2nd January 2022
Welcome to 2022 which is a brand new year, fresh from the box. It comes with no warrantees or guarantees because it is perfect the way it is; neither does it come with an owner’s manual because none is needed as we ought to know better already. What we need to accept is that it is a perfect year in every respect, only to be made more beautiful, or horrendous – God forbid – by the things we decide to do from here onwards. This means that how everything eventually pans out and whatever happens along the way will not be because of the year per se but the actors in it.
2021 has certainly been a tough year for all of us, due in part to what others decided to do to us and, perhaps to a large degree, to what we decided to do to ourselves. For starters, through no fault of our own we have been on the receiving end of many crises especially given the stubborn pandemic prowling in our midst. The social skirmishes that unraveled in the second half of the year drove the last nail even deeper into the proverbial coffin. The endless restrictions that ensued on both businesses and individuals only served to make life even more agonizing. It is with this in mind that we are happy to let 2021 disappear into oblivion as we eagerly await to start afresh in 2022.
Business Eswatini, as the apex advocacy body for the business community in Eswatini, is desirous to see our people make the choice to start the new year with renewed vigor and resolve in our collective endeavour to especially pivot the trajectory of our ailing economy and realign our political spectrum. What we decide to do as a country will and can determine whether we have a glowing report by the end of 2022, or we end up strutting off the stage in shame as a failed state. The choice is ours to make and it’s a no brainer. But knowing the ingenuity and fortitude of EmaSwati it wouldn’t be presumptuous of one to think that EmaSwati will choose victory over our circumstances. They will choose humility over our personal interests and the boundless egos that feed them, because the situation we are facing right now demands that sort of servant leadership. Ours is a watershed moment in which brinkmanship has no place anymore.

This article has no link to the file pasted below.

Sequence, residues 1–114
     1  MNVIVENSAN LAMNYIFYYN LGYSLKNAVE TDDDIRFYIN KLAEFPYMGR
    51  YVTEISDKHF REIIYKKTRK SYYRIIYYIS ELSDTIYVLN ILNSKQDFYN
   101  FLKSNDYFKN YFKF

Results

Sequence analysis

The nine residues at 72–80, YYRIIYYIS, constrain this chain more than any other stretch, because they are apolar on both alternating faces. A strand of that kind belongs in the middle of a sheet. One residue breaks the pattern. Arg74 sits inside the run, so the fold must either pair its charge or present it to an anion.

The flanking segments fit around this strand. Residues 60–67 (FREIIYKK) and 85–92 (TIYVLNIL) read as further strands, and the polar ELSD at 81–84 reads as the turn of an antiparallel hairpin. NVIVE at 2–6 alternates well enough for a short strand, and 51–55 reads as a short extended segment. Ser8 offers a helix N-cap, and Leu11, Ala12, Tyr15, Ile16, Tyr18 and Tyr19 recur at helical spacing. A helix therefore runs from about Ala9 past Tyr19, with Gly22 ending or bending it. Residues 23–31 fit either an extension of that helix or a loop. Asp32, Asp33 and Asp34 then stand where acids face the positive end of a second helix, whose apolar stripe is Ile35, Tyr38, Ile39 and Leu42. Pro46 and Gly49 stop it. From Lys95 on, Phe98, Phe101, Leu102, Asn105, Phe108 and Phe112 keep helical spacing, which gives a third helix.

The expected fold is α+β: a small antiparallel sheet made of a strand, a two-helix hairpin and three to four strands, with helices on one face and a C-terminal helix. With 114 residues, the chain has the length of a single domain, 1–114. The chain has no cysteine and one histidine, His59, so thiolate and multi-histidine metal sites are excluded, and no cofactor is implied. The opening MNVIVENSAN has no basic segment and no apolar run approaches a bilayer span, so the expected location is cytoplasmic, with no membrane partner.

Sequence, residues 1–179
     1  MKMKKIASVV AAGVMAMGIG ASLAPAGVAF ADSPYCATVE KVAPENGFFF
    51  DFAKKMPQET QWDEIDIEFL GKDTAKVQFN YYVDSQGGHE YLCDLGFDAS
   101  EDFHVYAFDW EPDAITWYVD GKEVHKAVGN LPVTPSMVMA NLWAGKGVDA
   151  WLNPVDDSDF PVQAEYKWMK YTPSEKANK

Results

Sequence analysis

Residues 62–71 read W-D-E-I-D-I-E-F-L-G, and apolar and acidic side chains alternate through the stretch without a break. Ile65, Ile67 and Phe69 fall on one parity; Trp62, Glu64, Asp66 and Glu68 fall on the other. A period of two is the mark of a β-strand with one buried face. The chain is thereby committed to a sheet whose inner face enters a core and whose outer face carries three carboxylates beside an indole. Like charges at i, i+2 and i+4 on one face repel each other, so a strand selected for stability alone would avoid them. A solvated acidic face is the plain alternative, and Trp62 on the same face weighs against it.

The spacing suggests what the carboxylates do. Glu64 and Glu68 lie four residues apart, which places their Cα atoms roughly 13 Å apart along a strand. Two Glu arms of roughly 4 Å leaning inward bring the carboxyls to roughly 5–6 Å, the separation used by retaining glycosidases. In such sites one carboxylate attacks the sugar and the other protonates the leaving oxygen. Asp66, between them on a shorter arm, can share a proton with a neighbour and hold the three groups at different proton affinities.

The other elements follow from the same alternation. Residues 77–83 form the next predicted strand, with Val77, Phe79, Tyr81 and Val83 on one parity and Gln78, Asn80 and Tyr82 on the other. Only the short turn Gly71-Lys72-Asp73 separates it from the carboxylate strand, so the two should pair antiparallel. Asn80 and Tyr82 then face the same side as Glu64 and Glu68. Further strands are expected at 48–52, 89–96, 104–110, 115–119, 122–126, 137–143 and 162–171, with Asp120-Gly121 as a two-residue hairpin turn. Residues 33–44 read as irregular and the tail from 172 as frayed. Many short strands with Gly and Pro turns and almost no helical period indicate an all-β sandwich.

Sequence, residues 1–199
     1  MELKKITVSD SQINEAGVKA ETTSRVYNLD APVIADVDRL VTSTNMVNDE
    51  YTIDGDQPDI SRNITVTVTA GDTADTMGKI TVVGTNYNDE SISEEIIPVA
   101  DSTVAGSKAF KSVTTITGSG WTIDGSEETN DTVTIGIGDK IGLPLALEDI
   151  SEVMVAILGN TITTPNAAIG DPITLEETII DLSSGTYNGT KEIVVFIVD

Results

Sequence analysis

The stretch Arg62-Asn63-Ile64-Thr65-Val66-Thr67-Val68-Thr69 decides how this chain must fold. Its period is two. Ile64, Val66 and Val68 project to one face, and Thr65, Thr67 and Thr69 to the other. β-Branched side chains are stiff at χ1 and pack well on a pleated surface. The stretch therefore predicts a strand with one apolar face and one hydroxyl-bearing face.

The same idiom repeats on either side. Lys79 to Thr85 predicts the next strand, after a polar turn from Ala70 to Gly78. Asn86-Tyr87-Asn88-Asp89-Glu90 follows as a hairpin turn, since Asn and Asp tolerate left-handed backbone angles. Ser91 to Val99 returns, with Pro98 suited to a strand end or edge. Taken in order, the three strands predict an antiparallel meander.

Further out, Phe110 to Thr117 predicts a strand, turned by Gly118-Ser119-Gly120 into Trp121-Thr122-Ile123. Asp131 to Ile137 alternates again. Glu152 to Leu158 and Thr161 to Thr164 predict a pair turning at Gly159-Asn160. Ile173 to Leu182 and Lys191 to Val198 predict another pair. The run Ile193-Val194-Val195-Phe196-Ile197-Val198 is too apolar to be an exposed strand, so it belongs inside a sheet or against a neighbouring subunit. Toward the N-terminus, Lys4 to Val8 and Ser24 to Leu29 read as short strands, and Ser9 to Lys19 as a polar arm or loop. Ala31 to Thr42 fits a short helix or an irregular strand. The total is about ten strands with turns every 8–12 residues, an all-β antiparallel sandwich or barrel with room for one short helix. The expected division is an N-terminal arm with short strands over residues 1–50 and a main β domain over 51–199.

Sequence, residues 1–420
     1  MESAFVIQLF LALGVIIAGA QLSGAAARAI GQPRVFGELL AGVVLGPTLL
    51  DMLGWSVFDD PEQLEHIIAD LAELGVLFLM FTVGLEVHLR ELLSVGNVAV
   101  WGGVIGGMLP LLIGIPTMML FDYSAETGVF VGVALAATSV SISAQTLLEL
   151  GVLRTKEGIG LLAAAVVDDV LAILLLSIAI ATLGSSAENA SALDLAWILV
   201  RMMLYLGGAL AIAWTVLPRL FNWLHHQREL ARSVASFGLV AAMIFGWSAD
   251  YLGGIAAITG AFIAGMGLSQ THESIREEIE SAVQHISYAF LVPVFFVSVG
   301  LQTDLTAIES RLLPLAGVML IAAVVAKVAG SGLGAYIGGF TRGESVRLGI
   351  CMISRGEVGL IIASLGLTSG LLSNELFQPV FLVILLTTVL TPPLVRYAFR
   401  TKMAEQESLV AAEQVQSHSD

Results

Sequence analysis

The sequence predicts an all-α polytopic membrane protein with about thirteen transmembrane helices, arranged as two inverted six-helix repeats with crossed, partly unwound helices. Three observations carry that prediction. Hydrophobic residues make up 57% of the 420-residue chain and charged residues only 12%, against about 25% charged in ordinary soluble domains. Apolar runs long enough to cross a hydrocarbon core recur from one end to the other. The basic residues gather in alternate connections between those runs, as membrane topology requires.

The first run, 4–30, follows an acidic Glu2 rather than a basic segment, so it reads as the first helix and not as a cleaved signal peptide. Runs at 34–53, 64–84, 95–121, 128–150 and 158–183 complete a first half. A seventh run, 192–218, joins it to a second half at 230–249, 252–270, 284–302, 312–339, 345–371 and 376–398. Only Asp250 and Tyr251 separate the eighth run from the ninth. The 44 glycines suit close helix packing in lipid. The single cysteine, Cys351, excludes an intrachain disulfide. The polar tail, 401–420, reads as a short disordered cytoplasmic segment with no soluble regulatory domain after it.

We remain hopeful nonetheless that our commitment will see us turn the tide as a nation, as many institutions are on knife’s edge as we speak. Investor confidence has been shattered to smithereens and it’s anybody’s wild guess when it will ever be restored. Meanwhile, joblessness is skyrocketing faster than new jobs can be created at a time when our unemployed youth are woefully disillusioned. We have an untenable situation in our hands which will demand uncommon wisdom and foresight. It is therefore unsurprising that Business Eswatini has now been given the mandate by the business community to be amenable to any proposed national meetings in which the future direction of our country’s economy will be discussed.
The business environment does not operate in a vacuum or outside the political environment which conceptualizes the policies and laws that determine the rhythm of the nation’s economy. This means the business community can ignore the obtaining political ramifications to its own peril as patently demonstrated by recent events. It is a function of politics, duly embodied in our government, to ensure that the country has a conducive environment in which to thrive and create the jobs demanded by the people. The global index on the ease of doing business in this country has been damning, and for successive years too, for reasons which are not too hard to find. Some of our economic policies seem to thrive on political expediency and short-termism as opposed to creating a stable and durable environment that will create confidence for both local and export-oriented foreign direct investors.